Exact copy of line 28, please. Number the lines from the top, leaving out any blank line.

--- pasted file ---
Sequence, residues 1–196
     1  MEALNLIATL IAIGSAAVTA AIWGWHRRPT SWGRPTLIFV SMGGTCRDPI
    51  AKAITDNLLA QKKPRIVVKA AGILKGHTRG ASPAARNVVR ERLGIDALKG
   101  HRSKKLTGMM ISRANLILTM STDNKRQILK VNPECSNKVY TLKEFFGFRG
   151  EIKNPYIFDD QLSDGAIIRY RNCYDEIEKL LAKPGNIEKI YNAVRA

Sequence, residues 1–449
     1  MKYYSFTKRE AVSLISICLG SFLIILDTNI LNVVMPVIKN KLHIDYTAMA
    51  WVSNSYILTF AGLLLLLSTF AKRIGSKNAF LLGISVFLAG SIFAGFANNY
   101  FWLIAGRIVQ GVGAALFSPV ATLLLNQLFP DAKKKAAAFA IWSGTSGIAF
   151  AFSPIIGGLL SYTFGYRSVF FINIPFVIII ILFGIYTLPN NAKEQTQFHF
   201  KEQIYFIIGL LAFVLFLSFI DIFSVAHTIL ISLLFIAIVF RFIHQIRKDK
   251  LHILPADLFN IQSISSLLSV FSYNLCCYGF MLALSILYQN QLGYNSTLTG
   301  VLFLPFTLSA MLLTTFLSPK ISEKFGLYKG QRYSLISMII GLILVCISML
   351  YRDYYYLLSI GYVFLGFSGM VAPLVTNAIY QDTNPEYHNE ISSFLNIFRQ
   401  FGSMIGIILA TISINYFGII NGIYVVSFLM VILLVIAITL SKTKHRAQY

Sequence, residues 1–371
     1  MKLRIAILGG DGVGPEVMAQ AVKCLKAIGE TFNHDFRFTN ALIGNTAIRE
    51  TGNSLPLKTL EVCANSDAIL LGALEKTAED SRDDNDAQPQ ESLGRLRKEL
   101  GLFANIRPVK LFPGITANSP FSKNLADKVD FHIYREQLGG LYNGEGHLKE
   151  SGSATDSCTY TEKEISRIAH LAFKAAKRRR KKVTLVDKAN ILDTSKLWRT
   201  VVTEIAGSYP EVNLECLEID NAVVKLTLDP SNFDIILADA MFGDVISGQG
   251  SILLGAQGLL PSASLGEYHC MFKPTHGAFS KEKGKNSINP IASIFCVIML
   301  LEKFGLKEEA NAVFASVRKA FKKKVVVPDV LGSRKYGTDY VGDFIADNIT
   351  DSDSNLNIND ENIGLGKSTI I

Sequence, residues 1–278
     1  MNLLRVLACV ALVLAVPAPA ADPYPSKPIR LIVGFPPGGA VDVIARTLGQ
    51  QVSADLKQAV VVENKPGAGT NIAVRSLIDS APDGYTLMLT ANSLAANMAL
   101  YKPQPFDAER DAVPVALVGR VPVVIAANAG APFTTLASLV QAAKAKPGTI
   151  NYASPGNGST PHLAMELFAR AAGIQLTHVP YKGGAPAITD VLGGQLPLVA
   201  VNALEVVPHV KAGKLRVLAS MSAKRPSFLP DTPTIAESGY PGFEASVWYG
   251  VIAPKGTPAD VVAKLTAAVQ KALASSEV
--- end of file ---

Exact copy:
   101  YKPQPFDAER DAVPVALVGR VPVVIAANAG APFTTLASLV QAAKAKPGTI